Thursday, March 13, 2014


In February we had  a few days of rapid fire snow storms. I shoveled four days in one week (which is a lot for my part of Colorado). I decided to collect some in pots and buckets, and melted enough for a red cabbage dyeing session. Sounds like  a lot of trouble, but it was worth it to me because I wanted to see the difference between it and our tap water which is actually derived from snow in the mountains right above my town. I've always heard that our water is very pure because we are so close to the source. It's not traveling great distances or treated extensively. Unfortunately, I cannot find my swatches from the tap water dye bath so I don't have a photograph, but I can tell you there was very little difference between the tap and the snow, which is what I expected.. Here is a photo of the fabric pieces dyed using melted snow. I tried 3 different kinds of silk and vintage cotton and washed the fabric after dyeing. Lost some color but this is what I was left with. I also left swatches of the snow dye in my light filled sunroom for 2 weeks. Those swatches are on the bottom half of the photo. Not much difference. It will be interesting to see the changes given more time as I already know that red cabbage isn't very lightfast. But depending on how one uses the fabric and how much light it will be exposed to, it can still be a good source of coloring cloth.  And as India Flint says, you can always re-dye the cloth.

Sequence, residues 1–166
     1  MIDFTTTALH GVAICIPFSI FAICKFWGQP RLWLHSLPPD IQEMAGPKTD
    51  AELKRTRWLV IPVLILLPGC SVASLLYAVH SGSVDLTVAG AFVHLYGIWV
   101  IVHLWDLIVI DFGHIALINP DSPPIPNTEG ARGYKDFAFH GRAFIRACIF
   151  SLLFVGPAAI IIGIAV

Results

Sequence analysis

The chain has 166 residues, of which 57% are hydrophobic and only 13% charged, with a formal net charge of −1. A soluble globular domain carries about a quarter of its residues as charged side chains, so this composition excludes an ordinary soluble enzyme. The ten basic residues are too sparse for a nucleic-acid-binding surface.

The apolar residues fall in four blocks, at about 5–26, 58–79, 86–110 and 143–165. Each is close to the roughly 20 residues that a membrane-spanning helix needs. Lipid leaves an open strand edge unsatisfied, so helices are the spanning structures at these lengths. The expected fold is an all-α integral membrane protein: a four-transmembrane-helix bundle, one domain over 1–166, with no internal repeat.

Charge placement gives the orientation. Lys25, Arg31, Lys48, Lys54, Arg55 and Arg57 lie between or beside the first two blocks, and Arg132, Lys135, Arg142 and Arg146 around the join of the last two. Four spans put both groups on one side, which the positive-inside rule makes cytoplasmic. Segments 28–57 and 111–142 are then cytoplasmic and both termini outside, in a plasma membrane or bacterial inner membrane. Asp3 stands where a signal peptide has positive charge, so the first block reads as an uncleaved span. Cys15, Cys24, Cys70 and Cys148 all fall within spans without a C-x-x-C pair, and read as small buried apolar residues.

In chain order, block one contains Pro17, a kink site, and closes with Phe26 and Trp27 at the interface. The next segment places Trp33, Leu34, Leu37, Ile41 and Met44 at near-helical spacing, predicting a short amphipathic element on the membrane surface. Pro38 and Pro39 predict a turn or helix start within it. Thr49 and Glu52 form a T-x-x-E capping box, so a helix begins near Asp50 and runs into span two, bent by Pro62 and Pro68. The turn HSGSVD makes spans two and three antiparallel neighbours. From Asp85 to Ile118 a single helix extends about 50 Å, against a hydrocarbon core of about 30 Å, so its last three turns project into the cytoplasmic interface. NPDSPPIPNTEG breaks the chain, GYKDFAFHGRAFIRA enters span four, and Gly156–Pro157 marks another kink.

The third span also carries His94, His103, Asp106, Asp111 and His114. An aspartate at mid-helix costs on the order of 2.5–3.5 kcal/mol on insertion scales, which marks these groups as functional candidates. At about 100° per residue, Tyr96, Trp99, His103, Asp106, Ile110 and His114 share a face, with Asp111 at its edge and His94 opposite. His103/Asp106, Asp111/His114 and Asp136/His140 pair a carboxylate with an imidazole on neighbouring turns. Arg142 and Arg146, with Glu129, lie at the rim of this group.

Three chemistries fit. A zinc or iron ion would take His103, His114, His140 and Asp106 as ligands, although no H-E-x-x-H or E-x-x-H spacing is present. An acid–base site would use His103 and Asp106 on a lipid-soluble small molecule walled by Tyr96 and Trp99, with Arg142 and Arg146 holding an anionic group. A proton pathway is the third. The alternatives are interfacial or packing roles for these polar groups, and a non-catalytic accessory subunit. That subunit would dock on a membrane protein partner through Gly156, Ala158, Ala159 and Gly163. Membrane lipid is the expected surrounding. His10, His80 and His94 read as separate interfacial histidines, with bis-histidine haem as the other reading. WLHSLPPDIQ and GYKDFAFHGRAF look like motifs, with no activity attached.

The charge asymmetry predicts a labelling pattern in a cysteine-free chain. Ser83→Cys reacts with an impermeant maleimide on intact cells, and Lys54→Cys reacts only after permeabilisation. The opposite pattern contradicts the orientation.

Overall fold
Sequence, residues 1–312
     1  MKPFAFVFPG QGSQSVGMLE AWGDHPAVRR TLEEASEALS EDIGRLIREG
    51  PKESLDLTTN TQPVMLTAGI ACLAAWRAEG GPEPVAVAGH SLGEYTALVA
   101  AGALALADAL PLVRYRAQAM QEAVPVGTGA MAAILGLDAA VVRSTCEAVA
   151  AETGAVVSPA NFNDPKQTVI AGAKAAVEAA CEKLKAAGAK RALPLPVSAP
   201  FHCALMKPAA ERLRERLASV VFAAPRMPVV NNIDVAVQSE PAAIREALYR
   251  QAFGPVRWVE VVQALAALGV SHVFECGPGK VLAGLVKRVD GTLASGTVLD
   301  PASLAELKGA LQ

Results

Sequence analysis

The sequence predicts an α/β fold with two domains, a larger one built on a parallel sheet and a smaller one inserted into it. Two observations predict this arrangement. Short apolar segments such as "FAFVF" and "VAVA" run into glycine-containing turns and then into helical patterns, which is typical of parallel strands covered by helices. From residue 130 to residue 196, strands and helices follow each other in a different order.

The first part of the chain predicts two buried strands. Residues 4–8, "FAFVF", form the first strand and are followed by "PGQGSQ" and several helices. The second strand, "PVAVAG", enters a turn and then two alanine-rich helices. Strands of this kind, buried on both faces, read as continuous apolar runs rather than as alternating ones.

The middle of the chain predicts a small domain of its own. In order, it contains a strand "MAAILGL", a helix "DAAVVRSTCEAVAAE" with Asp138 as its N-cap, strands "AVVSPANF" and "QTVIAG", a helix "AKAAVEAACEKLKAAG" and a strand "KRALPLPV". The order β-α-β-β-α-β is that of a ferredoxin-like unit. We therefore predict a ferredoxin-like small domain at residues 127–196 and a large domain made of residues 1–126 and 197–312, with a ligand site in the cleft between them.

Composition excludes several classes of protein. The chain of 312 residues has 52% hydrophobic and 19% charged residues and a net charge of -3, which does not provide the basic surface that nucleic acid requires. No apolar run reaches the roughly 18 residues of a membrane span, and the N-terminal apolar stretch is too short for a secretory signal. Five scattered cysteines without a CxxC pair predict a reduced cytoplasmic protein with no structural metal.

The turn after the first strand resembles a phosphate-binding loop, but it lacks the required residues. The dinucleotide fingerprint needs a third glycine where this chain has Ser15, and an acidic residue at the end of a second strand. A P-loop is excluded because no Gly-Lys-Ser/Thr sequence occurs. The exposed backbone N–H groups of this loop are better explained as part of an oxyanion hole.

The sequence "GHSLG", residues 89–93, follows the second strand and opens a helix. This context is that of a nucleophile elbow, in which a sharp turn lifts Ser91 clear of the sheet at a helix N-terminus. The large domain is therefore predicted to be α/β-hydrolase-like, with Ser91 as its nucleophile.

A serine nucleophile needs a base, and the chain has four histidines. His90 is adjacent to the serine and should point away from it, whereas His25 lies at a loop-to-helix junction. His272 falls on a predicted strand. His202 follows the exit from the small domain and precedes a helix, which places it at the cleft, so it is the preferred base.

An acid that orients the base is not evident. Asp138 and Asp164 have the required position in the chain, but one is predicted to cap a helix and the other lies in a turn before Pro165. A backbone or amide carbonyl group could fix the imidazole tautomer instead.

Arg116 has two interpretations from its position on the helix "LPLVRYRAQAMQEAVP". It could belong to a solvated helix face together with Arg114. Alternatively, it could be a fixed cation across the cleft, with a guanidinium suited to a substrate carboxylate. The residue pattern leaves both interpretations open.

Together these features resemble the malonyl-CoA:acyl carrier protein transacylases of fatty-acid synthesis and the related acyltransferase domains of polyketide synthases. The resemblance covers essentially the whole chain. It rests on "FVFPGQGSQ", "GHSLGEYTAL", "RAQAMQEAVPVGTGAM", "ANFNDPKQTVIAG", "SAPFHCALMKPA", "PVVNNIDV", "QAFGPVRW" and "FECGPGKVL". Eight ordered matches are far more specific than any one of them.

Then I tried water from 2 of the many mineral springs in Manitou. All of spring waters are alkaline in nature and the pigments in red cabbage are very reactive to alkalinity, so I used water from the springs with the lowest alkalinity. Results were striking, as seen in the photo below. Cabbage and water immediately turned this teal green color. Only the vintage cotton mordanted with alum picked up an appreciable amount of pigment. Silks and wool felt picked up little if any pigment. So I am still trying to figure out what happened here. Did the alkalinity and presence of other minerals destroy or make the pigment unavailable? Did the alum help the cotton pickup what little pigment might be available?
Lots to think about here and I think I really need this book: NATURAL DYES, by Dominique Cardon. It's very expensive but has lots of info on the science of dyeing with natural pigments which is very interesting to me.